The Keystone Nordic Center offers more than 10 miles of groomed trails and provides access to more than 35 miles of nearby trails through the White River National Forest (requiring a three- to five-mile drive to the trailheads). Special guided programs run by the center include Mountain Top Treks, Eco Hikes, and Full Moon Tours. Located off of Highway 6 at the River Course. 970-496-4275
Most of the Nordic centers and shops around the county (see “Finder” at left) sell clothes specifically for cross-country. Treat yourself to a pair of cross-country gloves, since they are much lighter than what you might own for downhill skiing. Likewise, leave that heavy ski jacket in the car and try to find a light wind shell or a medium-weight synthetic or wool sweater.
You probably will overdress on your first day out, so make a mental note of what to leave behind the next time you go. Buy yourself some spiffy spandex Nordic pants or wear really lightweight long-underwear bottoms under your downhill ski shells—or just go with a good old-fashioned wool sweater and wool pants.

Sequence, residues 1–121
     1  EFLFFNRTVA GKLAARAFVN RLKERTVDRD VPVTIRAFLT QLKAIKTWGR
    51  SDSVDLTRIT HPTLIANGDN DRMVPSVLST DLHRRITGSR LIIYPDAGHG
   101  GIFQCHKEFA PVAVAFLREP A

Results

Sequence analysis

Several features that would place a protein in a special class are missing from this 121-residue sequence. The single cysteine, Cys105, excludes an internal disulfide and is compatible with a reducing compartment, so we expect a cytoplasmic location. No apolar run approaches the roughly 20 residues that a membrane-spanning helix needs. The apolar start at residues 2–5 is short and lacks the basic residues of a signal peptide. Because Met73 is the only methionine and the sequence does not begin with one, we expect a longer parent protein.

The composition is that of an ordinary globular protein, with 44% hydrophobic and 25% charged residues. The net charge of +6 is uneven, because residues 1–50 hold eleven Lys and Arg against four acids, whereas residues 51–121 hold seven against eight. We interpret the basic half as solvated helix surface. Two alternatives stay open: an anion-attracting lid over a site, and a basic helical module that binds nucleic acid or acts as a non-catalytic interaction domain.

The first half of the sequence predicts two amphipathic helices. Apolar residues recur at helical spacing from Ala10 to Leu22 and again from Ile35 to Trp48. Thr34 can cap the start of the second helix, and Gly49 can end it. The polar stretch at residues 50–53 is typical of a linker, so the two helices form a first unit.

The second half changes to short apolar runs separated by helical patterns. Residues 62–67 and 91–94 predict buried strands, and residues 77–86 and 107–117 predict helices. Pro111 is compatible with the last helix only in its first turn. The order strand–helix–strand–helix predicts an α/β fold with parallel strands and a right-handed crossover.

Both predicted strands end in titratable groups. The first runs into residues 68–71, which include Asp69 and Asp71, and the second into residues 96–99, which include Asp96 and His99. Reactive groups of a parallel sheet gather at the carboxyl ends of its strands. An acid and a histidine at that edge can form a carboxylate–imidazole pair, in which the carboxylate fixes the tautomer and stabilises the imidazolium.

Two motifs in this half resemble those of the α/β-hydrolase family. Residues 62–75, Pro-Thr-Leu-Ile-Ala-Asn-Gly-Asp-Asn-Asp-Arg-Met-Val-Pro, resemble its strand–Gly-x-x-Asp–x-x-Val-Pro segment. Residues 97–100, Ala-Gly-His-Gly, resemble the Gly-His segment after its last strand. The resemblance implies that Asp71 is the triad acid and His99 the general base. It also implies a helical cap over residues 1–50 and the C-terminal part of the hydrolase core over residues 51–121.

Goggles will fog up unless it’s a bitterly cold day, so leave them in your pack. If it’s actively snowing, try one of the fashionable new wool hats that have visors—or just strap that summer visor around your wool hat—to keep the snow off of your sunglasses. Skip the leg gaiters that you may have seen in photos; just make sure your pants cover your ankles (no capris, please). Finally, I usually carry a small backpack with a thermos of hot tea, an extra top layer, a light scarf or neck gaiter, and, if it’s a bitterly cold snowy day, goggles and a down jacket for the downhill return trip.